In this week's Freedom Friday blog and email newsletter, I want to talk about a topic again that I talked about a few weeks ago. I continue to get more inquiries about this issue than any other issue. I have been assisting some of my clients in this area, and some of these clients have given me additional business for the same issue. Today's topic is once again, making sure you get paid, and what I mean by “you” is your small business. It's very important that your clients pay your small business for the goods and services you provide them.
In today's Freedom Friday blog and email newsletter, I want to give some additional tips to help you with your accounts receivable, and specifically talk about the documents you need to keep, especially if you decide to hire an attorney to help with making sure you get paid.
1. Contracts and Purchase Agreements
First of all, if your clients are buying goods or services from you based on a contract, or with a credit agreement, you need to retain for your records the contract or purchase agreement for the goods or services you're selling to your clients. Some retailers sell goods that are of a higher retail value on a credit agreement where the customer opens an account and purchases the item on credit with the seller. If there is a credit agreement, purchase agreement, or any contract involved with the transaction, you need to retain this document in case the customer doesn't pay and it becomes a problem for you as the small business owner.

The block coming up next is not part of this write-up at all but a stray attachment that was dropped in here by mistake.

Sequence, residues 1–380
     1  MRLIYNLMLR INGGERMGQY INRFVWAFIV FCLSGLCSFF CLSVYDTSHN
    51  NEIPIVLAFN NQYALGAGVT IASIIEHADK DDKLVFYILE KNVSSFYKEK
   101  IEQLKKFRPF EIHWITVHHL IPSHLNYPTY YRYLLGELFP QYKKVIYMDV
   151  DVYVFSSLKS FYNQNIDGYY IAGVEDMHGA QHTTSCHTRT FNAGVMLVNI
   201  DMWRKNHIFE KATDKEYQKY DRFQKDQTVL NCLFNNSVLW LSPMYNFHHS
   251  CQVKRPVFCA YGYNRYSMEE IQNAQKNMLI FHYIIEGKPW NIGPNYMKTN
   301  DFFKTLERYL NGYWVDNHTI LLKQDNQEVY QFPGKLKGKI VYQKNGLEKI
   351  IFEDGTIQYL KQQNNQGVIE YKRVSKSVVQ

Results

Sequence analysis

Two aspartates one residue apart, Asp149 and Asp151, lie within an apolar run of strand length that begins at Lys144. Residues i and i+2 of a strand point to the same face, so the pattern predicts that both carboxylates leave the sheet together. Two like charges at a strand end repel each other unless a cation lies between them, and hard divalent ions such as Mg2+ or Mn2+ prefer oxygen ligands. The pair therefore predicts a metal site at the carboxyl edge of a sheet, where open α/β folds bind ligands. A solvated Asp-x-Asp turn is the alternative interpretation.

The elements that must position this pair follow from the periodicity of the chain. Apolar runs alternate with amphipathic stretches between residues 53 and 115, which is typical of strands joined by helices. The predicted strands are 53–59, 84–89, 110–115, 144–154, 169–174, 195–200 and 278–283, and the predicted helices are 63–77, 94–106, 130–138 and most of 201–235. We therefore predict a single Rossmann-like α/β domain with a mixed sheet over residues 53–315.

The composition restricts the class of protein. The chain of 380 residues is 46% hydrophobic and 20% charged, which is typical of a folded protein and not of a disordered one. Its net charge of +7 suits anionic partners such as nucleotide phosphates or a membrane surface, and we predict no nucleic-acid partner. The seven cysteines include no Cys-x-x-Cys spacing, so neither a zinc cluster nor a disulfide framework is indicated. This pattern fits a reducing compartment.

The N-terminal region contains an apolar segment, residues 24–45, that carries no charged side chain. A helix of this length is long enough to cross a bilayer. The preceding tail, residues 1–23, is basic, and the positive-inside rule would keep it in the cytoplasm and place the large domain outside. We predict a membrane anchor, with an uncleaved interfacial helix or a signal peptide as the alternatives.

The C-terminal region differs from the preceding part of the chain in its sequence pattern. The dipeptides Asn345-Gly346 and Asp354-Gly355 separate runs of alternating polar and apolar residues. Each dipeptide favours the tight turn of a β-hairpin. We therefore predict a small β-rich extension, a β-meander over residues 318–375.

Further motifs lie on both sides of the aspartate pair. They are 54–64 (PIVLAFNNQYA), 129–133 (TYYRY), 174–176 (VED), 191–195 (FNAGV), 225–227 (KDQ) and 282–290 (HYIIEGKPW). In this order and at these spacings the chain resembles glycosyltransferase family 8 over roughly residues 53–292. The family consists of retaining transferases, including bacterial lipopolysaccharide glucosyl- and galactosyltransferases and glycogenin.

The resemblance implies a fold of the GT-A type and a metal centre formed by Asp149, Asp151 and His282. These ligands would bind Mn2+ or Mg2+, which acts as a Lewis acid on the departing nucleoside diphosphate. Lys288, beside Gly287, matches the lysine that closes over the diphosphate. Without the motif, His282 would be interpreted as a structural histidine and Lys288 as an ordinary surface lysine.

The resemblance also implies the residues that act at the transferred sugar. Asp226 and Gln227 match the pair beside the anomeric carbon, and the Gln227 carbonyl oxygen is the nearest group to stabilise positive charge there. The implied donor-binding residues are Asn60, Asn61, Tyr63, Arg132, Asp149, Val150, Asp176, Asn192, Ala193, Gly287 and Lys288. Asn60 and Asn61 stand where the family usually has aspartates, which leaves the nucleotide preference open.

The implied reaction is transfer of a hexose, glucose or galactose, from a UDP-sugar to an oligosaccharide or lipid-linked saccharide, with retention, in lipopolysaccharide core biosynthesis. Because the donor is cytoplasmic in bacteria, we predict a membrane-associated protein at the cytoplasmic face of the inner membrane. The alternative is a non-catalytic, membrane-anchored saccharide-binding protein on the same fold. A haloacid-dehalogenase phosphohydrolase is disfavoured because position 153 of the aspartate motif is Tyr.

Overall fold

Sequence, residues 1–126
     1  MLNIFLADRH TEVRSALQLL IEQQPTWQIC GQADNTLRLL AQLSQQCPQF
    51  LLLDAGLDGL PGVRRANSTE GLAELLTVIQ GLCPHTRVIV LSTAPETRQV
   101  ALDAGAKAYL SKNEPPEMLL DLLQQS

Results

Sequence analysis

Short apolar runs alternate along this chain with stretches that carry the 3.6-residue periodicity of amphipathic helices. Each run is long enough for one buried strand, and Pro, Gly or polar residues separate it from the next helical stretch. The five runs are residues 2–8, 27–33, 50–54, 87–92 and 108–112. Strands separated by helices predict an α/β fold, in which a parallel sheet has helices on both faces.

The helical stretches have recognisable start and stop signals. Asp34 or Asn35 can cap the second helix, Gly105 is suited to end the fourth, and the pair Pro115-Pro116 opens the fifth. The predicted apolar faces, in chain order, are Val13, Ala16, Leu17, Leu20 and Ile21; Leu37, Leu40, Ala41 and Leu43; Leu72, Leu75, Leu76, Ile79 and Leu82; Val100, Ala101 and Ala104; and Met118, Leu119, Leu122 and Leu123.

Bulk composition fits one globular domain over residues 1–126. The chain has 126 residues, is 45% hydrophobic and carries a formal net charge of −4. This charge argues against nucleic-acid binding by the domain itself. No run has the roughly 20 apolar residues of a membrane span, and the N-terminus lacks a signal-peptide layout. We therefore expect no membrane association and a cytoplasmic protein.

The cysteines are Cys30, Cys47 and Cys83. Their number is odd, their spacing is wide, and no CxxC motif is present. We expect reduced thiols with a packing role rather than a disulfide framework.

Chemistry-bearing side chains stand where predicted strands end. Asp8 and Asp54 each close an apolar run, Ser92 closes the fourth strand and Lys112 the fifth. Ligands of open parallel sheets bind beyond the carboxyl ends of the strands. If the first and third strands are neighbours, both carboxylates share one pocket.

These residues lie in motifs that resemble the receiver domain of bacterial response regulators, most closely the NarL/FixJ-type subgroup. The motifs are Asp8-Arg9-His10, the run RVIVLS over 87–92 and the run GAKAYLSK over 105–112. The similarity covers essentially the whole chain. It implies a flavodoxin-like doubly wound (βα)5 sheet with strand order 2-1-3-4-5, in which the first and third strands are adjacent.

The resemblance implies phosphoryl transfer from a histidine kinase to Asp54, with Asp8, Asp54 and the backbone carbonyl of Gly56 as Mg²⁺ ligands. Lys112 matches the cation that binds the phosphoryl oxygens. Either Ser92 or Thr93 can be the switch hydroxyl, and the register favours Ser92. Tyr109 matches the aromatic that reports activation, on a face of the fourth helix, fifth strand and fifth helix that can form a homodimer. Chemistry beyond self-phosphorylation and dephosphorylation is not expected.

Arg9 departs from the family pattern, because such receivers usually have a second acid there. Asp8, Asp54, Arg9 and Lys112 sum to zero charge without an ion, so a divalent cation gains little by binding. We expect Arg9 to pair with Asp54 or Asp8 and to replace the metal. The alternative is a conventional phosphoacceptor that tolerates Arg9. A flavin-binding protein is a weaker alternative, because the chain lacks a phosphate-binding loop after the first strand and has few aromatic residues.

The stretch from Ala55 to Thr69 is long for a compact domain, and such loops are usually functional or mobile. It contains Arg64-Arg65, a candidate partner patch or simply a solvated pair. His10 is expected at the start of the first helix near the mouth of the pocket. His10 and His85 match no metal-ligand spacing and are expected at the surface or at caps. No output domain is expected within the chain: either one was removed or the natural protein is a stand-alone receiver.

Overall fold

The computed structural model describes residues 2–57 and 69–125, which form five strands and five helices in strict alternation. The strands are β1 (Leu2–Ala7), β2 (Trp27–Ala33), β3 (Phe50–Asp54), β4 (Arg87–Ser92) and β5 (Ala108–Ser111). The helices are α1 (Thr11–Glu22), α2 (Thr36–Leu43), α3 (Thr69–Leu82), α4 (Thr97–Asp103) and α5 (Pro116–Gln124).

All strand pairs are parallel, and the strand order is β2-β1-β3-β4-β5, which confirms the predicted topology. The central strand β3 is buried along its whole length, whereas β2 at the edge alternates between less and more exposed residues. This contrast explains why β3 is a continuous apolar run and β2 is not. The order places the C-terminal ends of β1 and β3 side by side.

Most of the time, if your customers are purchasing goods or services without an actual contract, they are making those purchases on an open account, and you are invoicing your customers for the goods or services they are buying from you. In this instance, it is very important to retain copies of invoices in case the customer doesn't pay, and it becomes an issue for you as the small business owner.
3. Account Statements
Lastly, if you generate any account statements for customers who perhaps are buying multiple products from you, and their “account” becomes past due, e.g. 30 days past due, 60 days past due, 90 days past due, etc., then these account statements need to be retained as well, along with the invoices and other items. Also, if you send any letters or correspondence to your customers, those should be retained as well.
If you're having issues in your small business with accounts receivable or collections, or you are experiencing other roadblocks that are stopping your growth, please contact me at [email protected] to schedule a FREE strategy session.
For more information about Liberty Legal Solutions, LLC, please visit our website at http://www.libertylegalok.com/